ST segment shift in unstable angina: pathophysiology and association with coronary anatomy and hospital outcome.

Abstract

The significance of ST segment shift with respect to coronary anatomy and hospital outcome was evaluated in 135 patients with unstable angina. ST shift was evident in 44% of patients on admission electrocardiogram (ECG) and in 66% on Holter monitor ECG. During hospitalization, 7% of patients had myocardial infarction, 4% died and 34% had urgent coronary revascularization. By comparing patients with and without ST shift on admission ECG, an unfavorable outcome was found in 55% versus 25% (p less than 0.005), multivessel disease in 77% versus 63% (p less than 0.05) and left main coronary artery stenosis in 22% versus 7% (p less than 0.025). When patients with and without ST shift on Holter monitor ECG were compared, an unfavorable outcome was found in 48% versus 20% (p less than 0.005), multivessel disease in 76% versus 54% (p less than 0.01) and left main coronary stenosis in 18% versus 4% (p less than 0.05). The duration of ST shift was also greater in patients with 1) unfavorable outcome (129 +/- 136 versus 52 +/- 111 min, p less than 0.01); 2) multivessel disease (98 +/- 129 versus 36 +/- 90 min, p less than 0.01); and 3) left main stenosis (150 +/- 147 versus 67 +/- 114 min, p less than 0.01).(ABSTRACT TRUNCATED AT 250 WORDS)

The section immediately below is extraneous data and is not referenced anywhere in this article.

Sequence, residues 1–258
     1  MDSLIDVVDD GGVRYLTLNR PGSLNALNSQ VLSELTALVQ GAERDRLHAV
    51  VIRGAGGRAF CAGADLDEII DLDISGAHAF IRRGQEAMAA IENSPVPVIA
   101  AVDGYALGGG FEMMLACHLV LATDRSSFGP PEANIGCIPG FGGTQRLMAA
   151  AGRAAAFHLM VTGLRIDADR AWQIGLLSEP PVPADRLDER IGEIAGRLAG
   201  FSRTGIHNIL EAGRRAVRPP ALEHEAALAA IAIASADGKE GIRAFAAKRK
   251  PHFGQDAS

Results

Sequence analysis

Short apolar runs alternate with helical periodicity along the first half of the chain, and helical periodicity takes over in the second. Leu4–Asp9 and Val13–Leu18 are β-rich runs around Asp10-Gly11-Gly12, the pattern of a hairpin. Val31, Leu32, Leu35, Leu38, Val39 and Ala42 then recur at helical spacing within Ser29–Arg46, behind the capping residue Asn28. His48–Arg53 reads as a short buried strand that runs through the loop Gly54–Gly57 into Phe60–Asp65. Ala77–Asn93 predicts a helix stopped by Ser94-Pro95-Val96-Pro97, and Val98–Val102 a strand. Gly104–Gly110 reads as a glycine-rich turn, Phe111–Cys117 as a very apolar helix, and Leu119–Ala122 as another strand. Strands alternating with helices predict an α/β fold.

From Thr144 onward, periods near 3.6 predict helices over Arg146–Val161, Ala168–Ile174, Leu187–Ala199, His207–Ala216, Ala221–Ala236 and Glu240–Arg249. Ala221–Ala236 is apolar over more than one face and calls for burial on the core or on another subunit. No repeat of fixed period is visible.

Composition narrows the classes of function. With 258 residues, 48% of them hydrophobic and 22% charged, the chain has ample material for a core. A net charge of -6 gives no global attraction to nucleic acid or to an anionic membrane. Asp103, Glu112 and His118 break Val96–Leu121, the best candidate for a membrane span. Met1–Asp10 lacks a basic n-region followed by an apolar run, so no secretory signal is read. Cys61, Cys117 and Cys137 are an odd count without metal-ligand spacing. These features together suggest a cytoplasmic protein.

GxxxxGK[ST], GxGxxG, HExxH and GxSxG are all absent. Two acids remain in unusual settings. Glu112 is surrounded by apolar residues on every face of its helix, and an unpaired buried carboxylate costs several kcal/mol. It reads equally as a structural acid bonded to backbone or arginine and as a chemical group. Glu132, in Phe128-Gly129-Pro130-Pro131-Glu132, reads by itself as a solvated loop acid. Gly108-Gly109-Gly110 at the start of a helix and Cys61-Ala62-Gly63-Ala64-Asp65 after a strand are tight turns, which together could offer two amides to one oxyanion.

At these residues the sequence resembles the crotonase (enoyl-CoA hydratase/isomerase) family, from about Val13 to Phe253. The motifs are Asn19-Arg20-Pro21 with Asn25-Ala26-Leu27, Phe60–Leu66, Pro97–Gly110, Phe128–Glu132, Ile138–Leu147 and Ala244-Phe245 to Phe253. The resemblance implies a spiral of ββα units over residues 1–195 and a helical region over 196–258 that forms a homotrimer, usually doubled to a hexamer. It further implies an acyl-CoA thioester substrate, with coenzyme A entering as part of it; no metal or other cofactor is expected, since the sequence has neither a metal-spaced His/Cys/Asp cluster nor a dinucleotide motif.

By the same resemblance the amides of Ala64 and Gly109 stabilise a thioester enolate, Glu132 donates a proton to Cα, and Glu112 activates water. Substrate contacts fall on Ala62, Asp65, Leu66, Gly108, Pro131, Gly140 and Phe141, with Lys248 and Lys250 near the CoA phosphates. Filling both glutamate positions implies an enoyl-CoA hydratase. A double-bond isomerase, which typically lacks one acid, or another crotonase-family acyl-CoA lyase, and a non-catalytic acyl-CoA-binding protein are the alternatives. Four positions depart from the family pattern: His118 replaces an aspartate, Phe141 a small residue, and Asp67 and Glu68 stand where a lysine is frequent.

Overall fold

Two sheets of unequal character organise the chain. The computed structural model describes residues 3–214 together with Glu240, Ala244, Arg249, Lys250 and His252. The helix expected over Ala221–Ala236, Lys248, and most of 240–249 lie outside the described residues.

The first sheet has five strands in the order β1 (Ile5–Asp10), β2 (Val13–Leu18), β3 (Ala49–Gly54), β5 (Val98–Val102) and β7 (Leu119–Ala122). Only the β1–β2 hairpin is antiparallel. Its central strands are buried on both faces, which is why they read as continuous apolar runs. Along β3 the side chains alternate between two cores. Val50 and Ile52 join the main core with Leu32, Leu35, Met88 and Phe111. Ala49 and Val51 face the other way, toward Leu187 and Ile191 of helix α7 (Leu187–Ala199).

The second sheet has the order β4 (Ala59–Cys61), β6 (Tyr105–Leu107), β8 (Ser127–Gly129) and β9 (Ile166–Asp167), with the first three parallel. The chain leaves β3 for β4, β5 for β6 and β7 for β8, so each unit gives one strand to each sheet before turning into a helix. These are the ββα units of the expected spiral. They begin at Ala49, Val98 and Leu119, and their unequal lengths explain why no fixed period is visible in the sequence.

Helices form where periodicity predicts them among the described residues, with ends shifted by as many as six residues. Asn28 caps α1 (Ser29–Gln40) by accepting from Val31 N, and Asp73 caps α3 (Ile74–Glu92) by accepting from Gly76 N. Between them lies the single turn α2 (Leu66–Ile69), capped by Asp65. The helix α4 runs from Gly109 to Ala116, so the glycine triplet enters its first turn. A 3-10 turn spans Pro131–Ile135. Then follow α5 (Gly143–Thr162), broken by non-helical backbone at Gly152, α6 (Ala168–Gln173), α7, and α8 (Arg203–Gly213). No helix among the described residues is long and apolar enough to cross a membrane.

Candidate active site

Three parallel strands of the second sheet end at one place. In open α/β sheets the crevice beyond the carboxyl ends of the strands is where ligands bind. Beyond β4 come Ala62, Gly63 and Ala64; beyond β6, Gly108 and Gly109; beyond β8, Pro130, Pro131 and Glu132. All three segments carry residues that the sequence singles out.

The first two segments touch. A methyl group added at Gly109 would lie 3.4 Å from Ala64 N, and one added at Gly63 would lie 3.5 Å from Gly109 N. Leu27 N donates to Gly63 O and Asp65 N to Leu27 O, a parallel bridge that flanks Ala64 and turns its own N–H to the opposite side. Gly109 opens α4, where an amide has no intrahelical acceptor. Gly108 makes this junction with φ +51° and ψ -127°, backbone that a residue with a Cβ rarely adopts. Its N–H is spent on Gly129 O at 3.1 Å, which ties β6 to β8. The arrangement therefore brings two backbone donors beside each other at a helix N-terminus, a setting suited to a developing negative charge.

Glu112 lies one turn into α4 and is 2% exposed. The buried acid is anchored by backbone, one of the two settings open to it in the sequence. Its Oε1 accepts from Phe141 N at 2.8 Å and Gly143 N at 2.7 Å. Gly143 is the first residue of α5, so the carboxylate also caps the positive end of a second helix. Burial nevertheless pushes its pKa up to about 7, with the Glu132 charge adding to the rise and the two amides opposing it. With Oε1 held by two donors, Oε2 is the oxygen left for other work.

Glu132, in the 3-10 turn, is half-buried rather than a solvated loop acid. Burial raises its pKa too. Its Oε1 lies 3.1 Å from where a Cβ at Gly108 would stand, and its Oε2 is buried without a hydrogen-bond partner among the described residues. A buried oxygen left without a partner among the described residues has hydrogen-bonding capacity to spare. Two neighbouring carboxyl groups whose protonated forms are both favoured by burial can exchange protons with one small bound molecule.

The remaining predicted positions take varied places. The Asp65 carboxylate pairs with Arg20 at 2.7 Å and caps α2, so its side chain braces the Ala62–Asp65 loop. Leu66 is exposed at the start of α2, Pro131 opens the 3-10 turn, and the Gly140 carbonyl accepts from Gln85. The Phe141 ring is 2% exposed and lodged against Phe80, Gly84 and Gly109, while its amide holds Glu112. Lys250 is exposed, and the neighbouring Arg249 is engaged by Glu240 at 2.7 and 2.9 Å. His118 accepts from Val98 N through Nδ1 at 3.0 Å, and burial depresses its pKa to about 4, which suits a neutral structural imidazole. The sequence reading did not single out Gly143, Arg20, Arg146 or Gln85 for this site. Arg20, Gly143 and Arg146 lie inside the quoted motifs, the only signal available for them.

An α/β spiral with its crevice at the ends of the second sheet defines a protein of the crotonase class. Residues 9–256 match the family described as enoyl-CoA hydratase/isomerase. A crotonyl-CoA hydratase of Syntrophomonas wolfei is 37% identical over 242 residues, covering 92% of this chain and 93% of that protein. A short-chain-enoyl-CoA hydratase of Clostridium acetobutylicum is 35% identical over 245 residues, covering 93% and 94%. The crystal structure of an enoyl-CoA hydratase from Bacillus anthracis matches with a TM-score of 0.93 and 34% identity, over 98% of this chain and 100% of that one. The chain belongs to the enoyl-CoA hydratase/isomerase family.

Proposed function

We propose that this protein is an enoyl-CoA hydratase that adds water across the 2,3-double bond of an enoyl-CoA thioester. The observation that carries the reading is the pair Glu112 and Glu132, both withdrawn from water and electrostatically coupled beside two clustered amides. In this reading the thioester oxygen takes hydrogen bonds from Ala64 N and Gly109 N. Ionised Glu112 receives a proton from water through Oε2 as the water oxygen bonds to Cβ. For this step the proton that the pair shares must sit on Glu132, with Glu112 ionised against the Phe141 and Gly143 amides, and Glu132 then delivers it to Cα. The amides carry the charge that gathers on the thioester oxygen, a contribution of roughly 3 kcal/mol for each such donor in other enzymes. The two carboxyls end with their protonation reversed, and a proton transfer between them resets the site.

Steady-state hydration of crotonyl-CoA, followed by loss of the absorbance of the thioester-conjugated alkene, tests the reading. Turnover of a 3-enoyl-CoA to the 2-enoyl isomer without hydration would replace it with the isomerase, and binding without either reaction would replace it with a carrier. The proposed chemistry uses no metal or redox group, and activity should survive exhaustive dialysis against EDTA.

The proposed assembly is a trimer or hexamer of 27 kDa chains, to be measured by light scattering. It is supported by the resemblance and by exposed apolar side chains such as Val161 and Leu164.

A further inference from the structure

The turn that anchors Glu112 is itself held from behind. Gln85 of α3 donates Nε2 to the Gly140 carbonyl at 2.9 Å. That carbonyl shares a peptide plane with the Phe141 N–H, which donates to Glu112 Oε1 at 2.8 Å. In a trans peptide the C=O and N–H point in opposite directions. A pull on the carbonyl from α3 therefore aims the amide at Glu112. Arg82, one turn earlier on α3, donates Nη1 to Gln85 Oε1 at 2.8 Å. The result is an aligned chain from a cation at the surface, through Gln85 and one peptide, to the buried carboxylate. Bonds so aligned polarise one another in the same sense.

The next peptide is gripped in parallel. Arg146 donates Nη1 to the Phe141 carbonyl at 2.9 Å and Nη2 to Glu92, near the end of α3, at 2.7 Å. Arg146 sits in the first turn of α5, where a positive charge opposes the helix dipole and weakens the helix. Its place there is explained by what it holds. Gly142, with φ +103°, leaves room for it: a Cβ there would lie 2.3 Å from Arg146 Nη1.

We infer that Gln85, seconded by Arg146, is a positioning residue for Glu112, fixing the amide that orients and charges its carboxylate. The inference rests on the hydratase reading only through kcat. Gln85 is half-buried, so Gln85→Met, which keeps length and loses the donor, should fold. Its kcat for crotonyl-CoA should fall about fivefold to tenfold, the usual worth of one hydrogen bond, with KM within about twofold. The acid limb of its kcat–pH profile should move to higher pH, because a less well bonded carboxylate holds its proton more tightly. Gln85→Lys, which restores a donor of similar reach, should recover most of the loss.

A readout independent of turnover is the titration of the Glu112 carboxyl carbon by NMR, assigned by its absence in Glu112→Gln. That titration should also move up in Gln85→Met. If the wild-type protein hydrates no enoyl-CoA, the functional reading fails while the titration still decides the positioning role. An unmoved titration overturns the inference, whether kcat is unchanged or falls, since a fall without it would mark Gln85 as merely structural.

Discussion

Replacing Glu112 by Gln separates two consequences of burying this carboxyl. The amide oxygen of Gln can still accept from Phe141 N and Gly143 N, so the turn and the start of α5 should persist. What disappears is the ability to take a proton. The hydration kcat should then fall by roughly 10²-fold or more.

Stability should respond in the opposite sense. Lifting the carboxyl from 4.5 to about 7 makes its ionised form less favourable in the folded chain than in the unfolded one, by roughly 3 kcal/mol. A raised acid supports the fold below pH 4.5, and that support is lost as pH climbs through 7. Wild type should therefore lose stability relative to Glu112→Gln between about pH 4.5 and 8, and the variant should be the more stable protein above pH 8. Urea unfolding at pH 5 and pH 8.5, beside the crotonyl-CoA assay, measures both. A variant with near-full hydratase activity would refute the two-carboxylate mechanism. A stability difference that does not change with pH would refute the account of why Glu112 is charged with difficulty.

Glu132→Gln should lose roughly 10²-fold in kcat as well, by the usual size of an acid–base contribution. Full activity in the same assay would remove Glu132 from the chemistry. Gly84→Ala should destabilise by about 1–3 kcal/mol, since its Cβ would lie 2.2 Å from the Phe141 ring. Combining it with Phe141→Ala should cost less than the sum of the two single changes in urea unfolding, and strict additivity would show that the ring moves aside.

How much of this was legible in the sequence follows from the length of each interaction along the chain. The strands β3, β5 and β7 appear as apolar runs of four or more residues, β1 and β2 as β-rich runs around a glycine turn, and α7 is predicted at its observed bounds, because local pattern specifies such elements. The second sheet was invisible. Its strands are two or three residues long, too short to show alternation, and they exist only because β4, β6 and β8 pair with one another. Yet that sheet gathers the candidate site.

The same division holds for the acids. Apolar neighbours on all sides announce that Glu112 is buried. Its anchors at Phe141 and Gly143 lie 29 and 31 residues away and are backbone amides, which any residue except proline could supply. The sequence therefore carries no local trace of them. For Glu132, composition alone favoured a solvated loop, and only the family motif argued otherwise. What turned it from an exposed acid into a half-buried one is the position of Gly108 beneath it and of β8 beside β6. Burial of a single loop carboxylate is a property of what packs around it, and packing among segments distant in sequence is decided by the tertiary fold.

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@article{Langer1989STSS, title={ST segment shift in unstable angina: pathophysiology and association with coronary anatomy and hospital outcome.}, author={A. M. Langer and Michael Aloysius Freeman and Paul Wayne Armstrong}, journal={Journal of the American College of Cardiology}, year={1989}, volume={13 7}, pages={1495-502} }